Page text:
Previously we looked at a proposal for a laser enabled megawatt class nuclear fusion space propulsion system for about 2020-2025 Now the full eight page paper by John J. Chapman, NASA, Langley Research Center is online.
The preferred fuel for space is the p-boron reaction: p + 11B → 3 4He + (8.7 MeV)
11Boron is an abundant, inexpensive fuel stock and has the major advantage of a clean
fuel for the primary fusion reaction, at the expense of reduced plant gain since currently p-11B energy gain estimates range from ~5 to 15. Previously the parameters for harnessing aneutronic ( p-11B ) fusion had appeared significantly more exigent than for conventional (D-T) fusion fuel cycle. Yet recent scientific studies and engineering lab efforts applicable to micro-scale triggering of advanced fusion fuel solid targets has introduced new concepts with unique aspects that include demonstrations of attainable aneutronic reactions. The successful application of aneutronic methodology to fusion propulsion plants for space deployment will ultimately offer the possibility of enhanced performance from nuclear gain as compared to existing chemical and even ion propulsive engines, while also providing a clean solution to planetary protection, Earth included considerations and requirements. Proton-triggered 11boron fuel (p-11B) offers the potential for abundant ion kinetic energy for in-space vectored thrust applications as well as for direct energy conversion in specialized direct electrical energy conversion plants.
The momentum of the energetic alpha particles provides clean, high ISP ~900,000 as vectored thrust such that p-11B offers a clean fuel with well understood reaction kinematics. Triggering of the favored predictive yields from the p-11B reaction is optimized at two resonant energy levels corresponding to ~163 keV and ~560 KeV (p-11B center of mass).
These ionic energy levels are readily attainable via high contrast ratio pulsed laser triggering (TNSA) of selectively layered targets. Photon impact excitation of ionic species (over 1 MeV) is achieved in the target plane resulting from picosecond duration, high contrast ratio Chirped Pulse Amplified (CPA) laser abrupt wavefront target-normal impingement. The photonically-induced ion acceleration process which occurs at the target material focal point has been demonstrated to spawn fusion reactions in the adjacent composite.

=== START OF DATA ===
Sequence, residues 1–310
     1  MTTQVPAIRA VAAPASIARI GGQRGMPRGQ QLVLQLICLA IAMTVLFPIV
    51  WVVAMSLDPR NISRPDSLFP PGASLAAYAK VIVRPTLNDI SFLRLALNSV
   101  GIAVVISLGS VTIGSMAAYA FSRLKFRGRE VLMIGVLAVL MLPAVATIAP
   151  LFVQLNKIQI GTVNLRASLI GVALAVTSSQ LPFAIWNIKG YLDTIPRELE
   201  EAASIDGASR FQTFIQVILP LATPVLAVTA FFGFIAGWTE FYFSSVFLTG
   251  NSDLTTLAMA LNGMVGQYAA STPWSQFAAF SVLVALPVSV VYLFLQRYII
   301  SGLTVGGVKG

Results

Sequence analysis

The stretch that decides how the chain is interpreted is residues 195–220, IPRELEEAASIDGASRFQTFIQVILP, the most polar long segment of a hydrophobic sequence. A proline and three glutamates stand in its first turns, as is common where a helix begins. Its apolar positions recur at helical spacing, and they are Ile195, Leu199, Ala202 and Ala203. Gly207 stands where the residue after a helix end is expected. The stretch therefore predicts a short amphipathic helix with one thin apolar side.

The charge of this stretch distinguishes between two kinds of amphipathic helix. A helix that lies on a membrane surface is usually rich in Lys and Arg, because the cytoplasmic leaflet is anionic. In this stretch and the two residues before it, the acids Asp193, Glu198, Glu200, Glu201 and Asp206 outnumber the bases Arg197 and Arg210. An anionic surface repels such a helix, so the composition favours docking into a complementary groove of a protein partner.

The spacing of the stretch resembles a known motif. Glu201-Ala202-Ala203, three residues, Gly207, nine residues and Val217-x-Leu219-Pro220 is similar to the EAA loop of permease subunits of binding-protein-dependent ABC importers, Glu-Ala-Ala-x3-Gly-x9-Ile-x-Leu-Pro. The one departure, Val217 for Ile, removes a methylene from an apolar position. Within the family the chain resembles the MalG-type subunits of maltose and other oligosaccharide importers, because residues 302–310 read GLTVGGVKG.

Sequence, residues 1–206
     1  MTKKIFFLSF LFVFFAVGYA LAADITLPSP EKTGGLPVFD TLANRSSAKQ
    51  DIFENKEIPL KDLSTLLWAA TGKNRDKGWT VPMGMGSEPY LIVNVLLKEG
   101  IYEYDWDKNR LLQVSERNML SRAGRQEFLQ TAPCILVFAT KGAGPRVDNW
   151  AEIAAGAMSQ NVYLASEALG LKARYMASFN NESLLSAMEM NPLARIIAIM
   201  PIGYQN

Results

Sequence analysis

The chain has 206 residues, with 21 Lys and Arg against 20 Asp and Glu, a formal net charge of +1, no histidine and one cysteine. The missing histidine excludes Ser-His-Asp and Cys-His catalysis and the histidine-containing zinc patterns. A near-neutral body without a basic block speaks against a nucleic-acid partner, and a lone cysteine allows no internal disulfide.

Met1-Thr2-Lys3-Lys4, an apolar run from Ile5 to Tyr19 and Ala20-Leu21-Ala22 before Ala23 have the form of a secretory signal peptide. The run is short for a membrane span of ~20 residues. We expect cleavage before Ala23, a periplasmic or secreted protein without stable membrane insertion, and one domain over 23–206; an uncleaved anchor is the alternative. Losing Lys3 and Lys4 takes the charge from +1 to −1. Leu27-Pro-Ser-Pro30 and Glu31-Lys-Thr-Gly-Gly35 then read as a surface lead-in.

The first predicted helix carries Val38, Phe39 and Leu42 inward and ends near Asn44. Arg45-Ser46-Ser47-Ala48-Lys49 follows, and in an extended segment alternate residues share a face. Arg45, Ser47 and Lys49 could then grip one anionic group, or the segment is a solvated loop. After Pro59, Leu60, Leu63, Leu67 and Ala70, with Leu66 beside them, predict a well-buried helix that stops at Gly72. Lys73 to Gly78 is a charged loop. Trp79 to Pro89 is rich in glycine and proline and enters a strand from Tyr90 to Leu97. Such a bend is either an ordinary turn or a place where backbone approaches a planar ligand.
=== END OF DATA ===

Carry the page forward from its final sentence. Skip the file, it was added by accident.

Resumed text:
Power efficiency entails the aspects of reaction triggering and associated power loss burdens such as energy spent in lasing medium excitation, ionization and target level internal losses. The quantum efficiency of (Fig.3) CPA laser systems capable of producing high contrast ratio picosecond pulses is below 1%, however for a rocket thrust application (as contrasted with a power production plant) the [symbol] e ratio can be less than 100%. The incremental thrust from a laser triggered p-11B target, assuming ~105 Alphas from a single laser pulse has been estimated to yield a few pico-Newton impulse per laser pulse from a 10 micron square target area. High pulse rate laser systems coupled with multiple square centimeters of active target area could effectively augment the effective thrust level towards Newton magnitude levels, particularly in conjunction with increased alpha yields from optimized target designs. Recent advances in laser technology indicate possibility of higher laser quantum efficiencies (over 25%) and higher femtosecond pulse train rates (~75MhZ). Bremstrahlung radiation and non-productive plasma also result in losses as well as particle collisions with the structure represent additional power losses from the propellant exhaust stream.
Future development and the availability of high efficiency short pulse laser systems may result in overall gains in [symbol] and ISP values that may make the A-LIFT (Aneutronic Laser Induced Fusion Thruster) offering ISP ~900,000 approach an attractive alternative to previous fusion ~1-10 kW/kg or ionic (ISP range from 2000 – 100,000) propulsion for In-Space thrust applications.